It makes a difference whether people don’t speak or speak. I don’t agree with the remark of Sapir,
If one says, “Lend me a dollar,” I may hand it over without a word or I may give it with an accompanying “Here it is.” Each of these responses is structurally equivalent if one thinks of the larger behavior pattern.
On the contrary, the immediate difference might be trivial, but the larger behavior is likely to be different. In Sapir’s case, not speaking might indicate either utter simplicity of friendship, as if there were only one will between the two persons; or it might be a morose resentment at being tapped and not accepting the other as exactly a person; but speaking would recognize him as a person.
Consider the difference between the fellow who snaps his fingers at his companion and leaves, expecting the other to follow like a dog, and the one who says, “Let’s go,” however curtly. When spoken to, one is included at least as a human being. Yet a person might get up and leave without a word or with a glance (but not snapping his fingers), and his friend follow him because they are totally in accord. This is like the silent agreement that is reached in a primitive tribal council that baffles the anthropologist because he did not hear any vote or decision.
Speaking is a commitment not only to a human relationship with the one spoken to, but also, we shall see, to the existence of the thing spoken about. A common ploy of resentment is to refuse to speak, to force the other to the humiliation of admitting that he needs the relationship by speaking first. A jealous man may maintain silence about the question of fact that he suspects, because he will not admit the possible existence of the fact or he will not admit that he cares about it. A solitary man—every man in his solitude—has no one to speak to. Yet very close friends often do not speak, because they do not have to.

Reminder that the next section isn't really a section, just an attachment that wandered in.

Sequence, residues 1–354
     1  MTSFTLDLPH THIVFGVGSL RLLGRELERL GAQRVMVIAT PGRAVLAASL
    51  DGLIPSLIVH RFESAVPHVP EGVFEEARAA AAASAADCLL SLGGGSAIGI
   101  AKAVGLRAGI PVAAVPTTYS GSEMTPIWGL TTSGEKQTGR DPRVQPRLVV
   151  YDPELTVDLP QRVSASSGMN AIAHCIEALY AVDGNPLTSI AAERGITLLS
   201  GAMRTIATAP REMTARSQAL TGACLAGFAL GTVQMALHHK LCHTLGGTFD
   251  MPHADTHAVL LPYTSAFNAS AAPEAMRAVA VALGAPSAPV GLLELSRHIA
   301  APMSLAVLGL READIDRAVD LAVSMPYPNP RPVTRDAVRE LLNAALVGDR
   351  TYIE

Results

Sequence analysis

Thus, there is a silence that is preverbal, not yet interpersonal or even personal. There is speaking, which recognizes persons. And there is a silence beyond speech, an accord closer than verbal communication and where the situation is unproblematic. In one of the scriptural lives of Buddha there is a remarkable sentence, at the conversion of Anathapindika, “The Lord consented by becoming silent.” I take it that this means that the silence of the Lord creates accord, is accord; and from the human point of view, if the Lord consents, what further is to be said?
More generally, I am unhappy with the fundamental linguistic formula of Bloomfield. He divides an incident of utterance into three parts: A. Practical events preceding the act of speech. B. Speech. C. Practical events following the act of speech. And he says,
When anything apparently unimportant turns out to be closely connected with more important…
This article is available to online subscribers only.
Please choose from one of the options below to access this article:
Purchase a print premium subscription (20 issues per year) and also receive online access to all content on nybooks.com.
Purchase an Online Edition subscription and receive full access to all articles published by the Review since 1963.
Purchase a trial Online Edition subscription and receive unlimited access for one week to all the content on nybooks.com.
Copyright © 1971 by Paul Goodman.